Shadow visibility

When objects are close to the ground, part of the shadow seems to disappear underneath the ground material. For example, if I have a cube object resting on the ground with a spotlamp pointing at it at a 90 degree angle, I should get SOME shadow starting at the edge of the cube. Instead, I get this (see attached image).

Any fix to this? Or is this just a result of the “newness” of the shadow system?



ive had this problem to, i find if you just shrink your scene then the shadow dosnt dissapear

My scene is already smaller than the typical blender scene, and shrinking things down will mess up plenty of physics and animation related things.

However, when I do put the light right next to the object it casts the correct shadow. Why would moving it far away (literally only about 6 blender units away) mess up the shadow that much?

lower the bias

I don’t know the answer to this issue. This seems to be a bug more than anything else.
“Shrink your scene”, “lower the bias”, I don’t think that those answers are appropriate.
“My wife and I sometimes disagree” -> Change your wife.

The goal is not to find solution at any cost even if it’s inappropriate, the goal is to find what is a bug or just a bad user setting…
In that case, I guess that there should be shadow there.

I was having this problem too, I lowered the bias setting and it resolved it without affecting the size of the scene. If you move the lamp closer to the object will do the same thing but then you have to change the spread of your spot. The best solution I can find is the lowering of the bias, it seems to be the forum consensus.

Finally! I’ve been looking for this answer for ages! XD

The bias is an offset in the shadow to correct shadow miscalculations. Just that, there’s nothing wrong in lowering it. If your shadow offset is too high you just lower the bias.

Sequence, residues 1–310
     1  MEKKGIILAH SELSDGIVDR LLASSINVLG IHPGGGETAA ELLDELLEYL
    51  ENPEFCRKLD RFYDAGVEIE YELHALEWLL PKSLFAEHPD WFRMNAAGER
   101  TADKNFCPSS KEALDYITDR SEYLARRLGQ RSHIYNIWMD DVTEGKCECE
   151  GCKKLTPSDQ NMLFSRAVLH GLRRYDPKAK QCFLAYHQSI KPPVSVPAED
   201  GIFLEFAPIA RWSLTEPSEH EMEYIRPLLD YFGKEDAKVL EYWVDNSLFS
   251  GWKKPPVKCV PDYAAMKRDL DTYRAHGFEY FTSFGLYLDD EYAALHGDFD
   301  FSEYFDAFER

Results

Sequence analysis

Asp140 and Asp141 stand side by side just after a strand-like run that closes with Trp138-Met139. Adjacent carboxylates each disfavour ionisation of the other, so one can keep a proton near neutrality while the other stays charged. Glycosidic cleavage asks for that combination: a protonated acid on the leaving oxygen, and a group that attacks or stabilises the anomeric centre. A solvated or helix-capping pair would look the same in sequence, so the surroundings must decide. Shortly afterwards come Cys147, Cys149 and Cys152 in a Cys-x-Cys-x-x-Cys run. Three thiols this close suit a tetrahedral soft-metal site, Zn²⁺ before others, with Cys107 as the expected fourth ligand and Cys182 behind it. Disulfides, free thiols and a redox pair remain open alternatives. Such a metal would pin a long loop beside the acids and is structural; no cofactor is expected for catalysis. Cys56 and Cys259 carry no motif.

Ok, sorry for the mistake Valdark it seems that you were right.
I was just reacting to the fact that sometimes (often) we find “fixes” and not solutions on the forums.
Yours was a solution, thank you for sharing.

No, Cray was right, lowering the bias is not a good solution because this give you other problems as shown below.

As you can see, rising the bias is actually better.

I don’t know if this is a bug or not, but I found
a “better solution” is to simply extend the ‘clipping start’ to be closer to the object.

Bias and these “artifacts” are problems inherent with shadow mapping. I am new to Blender, couple of months now, and I love it. But I have used Lightwave primarily for the past 10 years, along with many other 3D programs.

Shadow mapped or buffered spotlights, even when not used in the game engine, usually have to be tweaked. Scale of the scene and proximity of the light to the object are things that have to be taken into account because of the way shadow mapped spots work.

Stencil mapped or shadow volumes are more accurate, but more expensive to render.
Not sure if I can post links here yet or not, but here goes. This link has plenty of information with regard to shadow techniques.

EDIT: Looks like I can post links

PhilB, that is not a “bug”. That is the whole reason why the bias even exist. To correct those miscalculations inherit in how shadow buffering works. The article posted by dbigers explains that and so does the official blender docs at:

You increase the bias to avoid that to happen. You decrease the bias to avoid SamBassador’s problem to happen. So you just keep it between too close and too far. The ideal values depends on your scene. So you just adjust it accordingly. There is no problem in doing so. That’s why the bias exists in the first place, to be adjusted according to your scene. This is very simple to understand.

You can also increase the shadow buffer size and softness to help offset the errors you see here.

Thanks for the link Vibrunazo I didn’t know that my problem was called Self Shadowing.

You’re right, I didn’t know that’s what it was designed to do.

But, since lowering the bias may lead to Self Shadowing Interferences.
Its more important to first adjust the clipping
since it will very likely solve Sam’s problem and it has benefits rather than potential issues.